Nothing to Hide, Nowhere to Run, or Nothing to Lose: Candidate Position-Taking in Congressional Elections
- 634 Downloads
If candidates do not state clear issue positions, then voters cannot anticipate how the candidates will govern if elected nor hold candidates accountable for breaking campaign pledges. Yet, previous research argues electoral incentives lead candidates to avoid discussing the key issues of the day. Even though silence on issues is the modal campaign strategy, this paper argues that candidates systematically make clear issue statements on occasion. We identify three variables that predict whether a candidate will address an issue and the clarity of the candidate’s stance on that issue: (i) the public salience of an issue; (ii) ideological congruence between candidate and district; and (iii) candidate quality. This argument is tested using data on candidate position-taking regarding the Iraq War and gay marriage collected from the campaign websites of U.S. House candidates in 2006 and 2008.
KeywordsCongressional campaigns Issue positions Candidate strategy
The authors wish to thank M. Scott Meachum, Aaron Embrey, Scott Liebertz, and Andrew Smith for their research assistance. We thank James Druckman, Gary Jacobson, and Walter J. Stone for making available some of the data used in this paper. We would also like to thank Bill Berry, Brad Gomez, David Peterson, and the editors and reviewers for their helpful comments. A previous version of this paper was presented at the 2011 meeting of the American Political Science Association in Seattle.
- Alvarez, R. M. (1997). Information and elections. Ann Arbor: University of Michigan Press.Google Scholar
- Ansolabehere, S. (2006). CCES common content: 2006. http://projects.iq.harvard.edu/cces. Accessed 1 Mar 2011.
- Ansolabehere, S. (2008). CCES common content: 2008. http://projects.iq.harvard.edu/cces. Accessed 1 Mar 2011.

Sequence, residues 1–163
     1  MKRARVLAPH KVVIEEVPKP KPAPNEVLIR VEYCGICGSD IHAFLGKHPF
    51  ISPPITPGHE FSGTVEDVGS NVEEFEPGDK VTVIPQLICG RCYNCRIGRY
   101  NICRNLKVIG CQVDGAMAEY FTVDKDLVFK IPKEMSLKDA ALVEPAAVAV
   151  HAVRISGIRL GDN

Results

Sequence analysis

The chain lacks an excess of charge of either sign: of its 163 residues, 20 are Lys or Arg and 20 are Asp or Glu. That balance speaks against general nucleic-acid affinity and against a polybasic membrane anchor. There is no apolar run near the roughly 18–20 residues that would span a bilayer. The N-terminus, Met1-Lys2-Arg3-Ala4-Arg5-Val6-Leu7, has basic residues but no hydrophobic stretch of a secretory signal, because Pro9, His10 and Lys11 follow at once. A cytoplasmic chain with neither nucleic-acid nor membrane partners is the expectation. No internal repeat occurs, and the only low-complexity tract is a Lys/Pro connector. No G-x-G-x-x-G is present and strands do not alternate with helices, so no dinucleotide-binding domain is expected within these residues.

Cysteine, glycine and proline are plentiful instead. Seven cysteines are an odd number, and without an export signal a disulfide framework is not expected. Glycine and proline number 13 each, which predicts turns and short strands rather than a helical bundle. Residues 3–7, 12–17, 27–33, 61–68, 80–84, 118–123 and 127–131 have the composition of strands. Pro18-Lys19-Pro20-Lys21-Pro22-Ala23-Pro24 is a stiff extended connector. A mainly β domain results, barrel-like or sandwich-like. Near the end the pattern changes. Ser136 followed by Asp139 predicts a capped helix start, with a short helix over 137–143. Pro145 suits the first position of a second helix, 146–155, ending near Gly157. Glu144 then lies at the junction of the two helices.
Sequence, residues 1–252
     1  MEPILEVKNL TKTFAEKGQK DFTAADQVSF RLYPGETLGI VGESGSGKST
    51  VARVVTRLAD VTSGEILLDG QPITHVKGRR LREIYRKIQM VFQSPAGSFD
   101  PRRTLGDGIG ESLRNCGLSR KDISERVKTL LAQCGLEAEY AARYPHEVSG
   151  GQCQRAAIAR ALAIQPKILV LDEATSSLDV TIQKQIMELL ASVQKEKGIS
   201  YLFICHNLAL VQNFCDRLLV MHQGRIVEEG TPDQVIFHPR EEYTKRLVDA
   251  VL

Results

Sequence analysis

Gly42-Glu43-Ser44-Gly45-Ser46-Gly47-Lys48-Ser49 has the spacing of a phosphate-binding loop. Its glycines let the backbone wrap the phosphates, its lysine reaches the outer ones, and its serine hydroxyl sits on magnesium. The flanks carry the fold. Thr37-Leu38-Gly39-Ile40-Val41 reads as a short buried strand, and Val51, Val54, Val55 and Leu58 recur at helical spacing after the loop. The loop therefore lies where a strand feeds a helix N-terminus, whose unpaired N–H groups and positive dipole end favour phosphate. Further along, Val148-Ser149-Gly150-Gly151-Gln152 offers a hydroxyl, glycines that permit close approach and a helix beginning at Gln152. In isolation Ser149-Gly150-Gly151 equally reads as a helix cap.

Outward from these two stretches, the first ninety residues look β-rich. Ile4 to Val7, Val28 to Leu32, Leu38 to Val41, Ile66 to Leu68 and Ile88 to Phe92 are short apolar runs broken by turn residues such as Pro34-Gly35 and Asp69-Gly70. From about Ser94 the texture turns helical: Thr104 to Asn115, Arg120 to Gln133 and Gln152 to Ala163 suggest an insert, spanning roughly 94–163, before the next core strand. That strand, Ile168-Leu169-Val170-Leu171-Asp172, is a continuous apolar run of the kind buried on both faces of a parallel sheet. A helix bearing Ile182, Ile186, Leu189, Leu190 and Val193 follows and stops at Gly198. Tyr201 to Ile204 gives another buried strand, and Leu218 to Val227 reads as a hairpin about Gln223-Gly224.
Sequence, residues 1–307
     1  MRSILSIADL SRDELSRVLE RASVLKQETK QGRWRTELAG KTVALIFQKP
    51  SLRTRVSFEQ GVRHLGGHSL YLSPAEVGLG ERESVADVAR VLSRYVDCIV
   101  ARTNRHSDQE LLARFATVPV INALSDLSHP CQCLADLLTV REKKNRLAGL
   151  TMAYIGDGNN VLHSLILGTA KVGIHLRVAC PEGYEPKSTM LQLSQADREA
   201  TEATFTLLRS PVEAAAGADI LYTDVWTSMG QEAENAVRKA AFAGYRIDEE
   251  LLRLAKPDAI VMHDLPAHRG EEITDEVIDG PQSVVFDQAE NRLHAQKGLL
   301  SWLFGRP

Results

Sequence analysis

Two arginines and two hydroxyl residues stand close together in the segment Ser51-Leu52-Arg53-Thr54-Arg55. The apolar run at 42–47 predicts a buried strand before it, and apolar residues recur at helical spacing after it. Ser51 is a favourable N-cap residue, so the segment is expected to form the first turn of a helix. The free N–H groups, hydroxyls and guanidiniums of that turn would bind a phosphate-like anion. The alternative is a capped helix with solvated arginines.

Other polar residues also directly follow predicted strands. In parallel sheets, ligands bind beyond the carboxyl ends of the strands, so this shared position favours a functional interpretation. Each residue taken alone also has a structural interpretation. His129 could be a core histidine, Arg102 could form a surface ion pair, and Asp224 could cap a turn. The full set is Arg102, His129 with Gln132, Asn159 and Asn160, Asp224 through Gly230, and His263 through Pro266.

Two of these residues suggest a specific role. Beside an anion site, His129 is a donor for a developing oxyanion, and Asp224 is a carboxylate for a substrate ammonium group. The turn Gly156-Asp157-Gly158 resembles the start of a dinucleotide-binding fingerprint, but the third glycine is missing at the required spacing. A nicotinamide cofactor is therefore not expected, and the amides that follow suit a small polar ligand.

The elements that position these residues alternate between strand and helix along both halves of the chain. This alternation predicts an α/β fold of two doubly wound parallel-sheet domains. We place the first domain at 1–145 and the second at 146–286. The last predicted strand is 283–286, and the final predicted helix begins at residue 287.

- Arnold, R. D. (2004). Congress, the press, and political accountability. Princeton: Princeton University Press.Google Scholar
- Hillygus, D. S., & Shields, T. G. (2008). The persuadable voter: Wedge issues in presidential campaigns. Princeton: Princeton University Press.Google Scholar
- Iyengar, S., & Valentino, N. (2000). Who says what? source credibility as a mediator of campaign advertising. In A. Lupia, M. McCubbins, & S. Popkin (Eds.), Elements of reason: Cognition, choice, and the bounds of rationality. Cambridge: Cambridge University Press.Google Scholar
- Jacobson, G. C. (2009). The president, the war, and voting behavior in the 2006 house elections. In J. J. Mondak & D.-G. Mitchell (Eds.), Fault lines: Why the republicans lost congress. New York: Routledge.Google Scholar
- Kam, C. D., & Franzese, R. J., Jr. (2007). Modeling and interpreting interactive hypotheses in regression analysis. Ann Arbor: University of Michigan Press.Google Scholar
- Tomz, M., & Van Houweling, R. (2009a). Candidate inconsistency and voter choice. Stanford University Typescript.Google Scholar
- Vavreck, L. (2009). The message matters: The economy and presidential campaigns. Princeton: Princeton University Press.Google Scholar